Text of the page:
A Tragic Mistake: ‘I Don’t Need Help Handling my Money’
By Larry Light, Editor-in-Chief
May 1, 2013
We all like to think we’re smart and self-sufficient. A lot of folks believe they can manage their financial lives by themselves. These do-it-yourselfers are woefully wrong.
AdviceIQ is about giving the world the wisdom of smart, honest (none can have any regulatory infractions) advisors. Are we blindly pro-advisor? No, we are clear-eyed about being pro-good advisor. Everyone, even the financial cognoscenti, should have such a helper to sort out life’s perplexities.
Lamentably, the financial crisis and the Bernard Madoff scandal convinced many to steer clear of advisors. According to a Deloitte consulting firm study, 57% of those polled say they’re more comfortable handling their retirement planning on their own. Plus, 38% contend they need no professional advice to plan.
Really? A story from Paul Sullivan shows how wrong-headed they are. Sullivan is enormously well-versed in personal finance, which he writes about for the New York Times. But it turns out that even he could use some help with his portfolio. One day he went before Tiger 21, an investment club of very wealthy (with at least $10 million in net worth) types who assessed his financial situation. To Sullivan’s surprise and dismay, the group found major holes: He and his wife didn’t have enough insurance, they carried an unneeded vacation home and spent too much.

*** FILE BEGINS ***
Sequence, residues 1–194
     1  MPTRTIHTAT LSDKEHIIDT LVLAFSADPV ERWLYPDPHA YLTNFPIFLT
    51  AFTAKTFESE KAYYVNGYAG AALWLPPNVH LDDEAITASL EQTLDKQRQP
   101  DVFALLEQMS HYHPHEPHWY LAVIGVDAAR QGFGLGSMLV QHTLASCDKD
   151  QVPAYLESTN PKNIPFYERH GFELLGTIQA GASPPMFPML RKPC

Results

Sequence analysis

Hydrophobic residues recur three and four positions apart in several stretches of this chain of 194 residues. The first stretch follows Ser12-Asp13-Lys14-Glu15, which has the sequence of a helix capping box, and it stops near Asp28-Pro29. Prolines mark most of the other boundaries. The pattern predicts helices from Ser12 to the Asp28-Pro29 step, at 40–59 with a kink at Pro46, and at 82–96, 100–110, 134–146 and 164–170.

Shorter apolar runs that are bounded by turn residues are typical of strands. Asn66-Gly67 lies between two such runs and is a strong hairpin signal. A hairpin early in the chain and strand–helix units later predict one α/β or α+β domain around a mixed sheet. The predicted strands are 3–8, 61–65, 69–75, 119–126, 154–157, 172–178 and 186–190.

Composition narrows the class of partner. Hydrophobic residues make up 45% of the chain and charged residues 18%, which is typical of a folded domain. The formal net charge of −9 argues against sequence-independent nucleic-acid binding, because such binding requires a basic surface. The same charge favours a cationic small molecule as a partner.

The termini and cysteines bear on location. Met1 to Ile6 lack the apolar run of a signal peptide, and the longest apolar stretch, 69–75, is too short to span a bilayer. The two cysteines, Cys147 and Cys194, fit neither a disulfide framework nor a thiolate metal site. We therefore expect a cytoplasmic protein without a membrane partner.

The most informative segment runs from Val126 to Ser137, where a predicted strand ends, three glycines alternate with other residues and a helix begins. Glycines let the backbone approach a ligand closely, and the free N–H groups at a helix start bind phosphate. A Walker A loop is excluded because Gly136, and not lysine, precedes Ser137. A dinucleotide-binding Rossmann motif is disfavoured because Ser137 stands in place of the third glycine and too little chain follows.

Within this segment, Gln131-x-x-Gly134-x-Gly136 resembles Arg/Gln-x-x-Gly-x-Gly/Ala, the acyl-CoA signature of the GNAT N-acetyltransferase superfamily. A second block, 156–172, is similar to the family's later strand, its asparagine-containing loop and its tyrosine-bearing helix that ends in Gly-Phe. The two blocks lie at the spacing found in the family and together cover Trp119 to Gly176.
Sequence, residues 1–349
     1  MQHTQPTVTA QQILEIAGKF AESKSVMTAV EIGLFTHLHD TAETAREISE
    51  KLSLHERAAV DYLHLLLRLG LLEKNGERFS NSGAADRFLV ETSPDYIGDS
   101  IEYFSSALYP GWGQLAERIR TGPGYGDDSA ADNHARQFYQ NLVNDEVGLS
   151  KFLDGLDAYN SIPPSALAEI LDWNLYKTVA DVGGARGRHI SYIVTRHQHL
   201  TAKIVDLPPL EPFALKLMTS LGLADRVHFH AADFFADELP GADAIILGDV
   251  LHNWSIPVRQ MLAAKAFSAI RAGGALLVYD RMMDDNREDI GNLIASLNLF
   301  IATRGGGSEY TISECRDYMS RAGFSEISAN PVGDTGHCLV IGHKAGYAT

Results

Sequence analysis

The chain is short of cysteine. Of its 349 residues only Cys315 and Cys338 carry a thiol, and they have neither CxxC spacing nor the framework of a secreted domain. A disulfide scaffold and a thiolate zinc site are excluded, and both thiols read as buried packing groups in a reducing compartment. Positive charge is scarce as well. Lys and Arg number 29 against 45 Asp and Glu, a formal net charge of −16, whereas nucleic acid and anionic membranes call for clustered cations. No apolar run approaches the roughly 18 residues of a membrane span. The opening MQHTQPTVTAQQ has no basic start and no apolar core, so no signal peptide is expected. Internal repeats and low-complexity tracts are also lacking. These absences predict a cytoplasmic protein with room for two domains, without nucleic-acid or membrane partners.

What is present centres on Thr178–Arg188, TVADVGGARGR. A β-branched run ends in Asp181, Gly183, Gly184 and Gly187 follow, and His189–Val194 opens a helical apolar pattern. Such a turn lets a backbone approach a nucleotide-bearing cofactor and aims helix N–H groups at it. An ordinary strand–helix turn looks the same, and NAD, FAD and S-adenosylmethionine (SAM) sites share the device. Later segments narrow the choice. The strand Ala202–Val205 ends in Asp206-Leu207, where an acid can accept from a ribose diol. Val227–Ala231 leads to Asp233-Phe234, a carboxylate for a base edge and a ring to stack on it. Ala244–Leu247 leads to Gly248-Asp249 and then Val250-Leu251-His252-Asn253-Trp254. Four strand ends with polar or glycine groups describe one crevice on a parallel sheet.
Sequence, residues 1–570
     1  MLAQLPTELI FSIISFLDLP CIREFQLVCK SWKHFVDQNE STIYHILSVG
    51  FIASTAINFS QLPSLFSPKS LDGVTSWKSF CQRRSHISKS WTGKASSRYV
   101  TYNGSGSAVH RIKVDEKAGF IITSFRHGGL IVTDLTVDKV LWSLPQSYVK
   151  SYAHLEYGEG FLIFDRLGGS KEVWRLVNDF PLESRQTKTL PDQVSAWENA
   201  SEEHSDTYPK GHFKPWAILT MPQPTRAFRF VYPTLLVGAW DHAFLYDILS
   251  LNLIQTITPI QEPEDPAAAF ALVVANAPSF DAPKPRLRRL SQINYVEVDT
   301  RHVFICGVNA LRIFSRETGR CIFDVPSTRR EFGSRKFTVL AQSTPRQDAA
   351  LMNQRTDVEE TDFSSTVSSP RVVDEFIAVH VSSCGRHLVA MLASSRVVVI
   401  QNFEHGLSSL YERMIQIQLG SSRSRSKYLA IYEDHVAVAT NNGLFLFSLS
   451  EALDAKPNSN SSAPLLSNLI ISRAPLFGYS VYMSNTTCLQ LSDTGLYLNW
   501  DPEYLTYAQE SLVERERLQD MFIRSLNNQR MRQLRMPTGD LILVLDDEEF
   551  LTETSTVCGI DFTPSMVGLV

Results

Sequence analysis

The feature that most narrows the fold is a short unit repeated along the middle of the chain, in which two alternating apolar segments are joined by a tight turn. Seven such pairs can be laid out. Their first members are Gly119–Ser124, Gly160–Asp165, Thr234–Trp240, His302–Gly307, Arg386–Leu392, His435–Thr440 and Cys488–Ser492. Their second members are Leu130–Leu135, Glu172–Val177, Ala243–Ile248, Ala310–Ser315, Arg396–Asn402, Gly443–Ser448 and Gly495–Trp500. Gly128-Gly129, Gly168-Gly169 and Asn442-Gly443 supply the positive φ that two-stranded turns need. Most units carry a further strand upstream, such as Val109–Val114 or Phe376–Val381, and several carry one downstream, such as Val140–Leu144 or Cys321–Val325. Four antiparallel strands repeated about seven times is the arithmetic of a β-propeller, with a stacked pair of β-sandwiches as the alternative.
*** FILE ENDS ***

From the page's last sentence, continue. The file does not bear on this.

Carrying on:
The blasé DIY attitude vexes Edmond Walters, founder and chief executive of eMoney Advisor, which provides support services to advisors. He watches discount broker TV ads that promise you can direct your investments by yourself, without paying an advisor. “It’s dangerous,” he says. “The ads say you can come home after work and spend a couple of hours trading a month. But the professionals have a lot more information than you.” Result: You get slammed.
As the Times’ Sullivan attests, it’s good to have a more knowledgeable someone guiding you, an expert who keeps up with all the arcane changes in the financial arena. Do you know how much disability coverage you need? Are you saving adequately for your kids’ education? How much money are you wasting for no good reason? Will your investments support you through your retirement?
Walters spent almost two decades as an advisor before he started his current company. “But,” he says, “even I have an advisor.”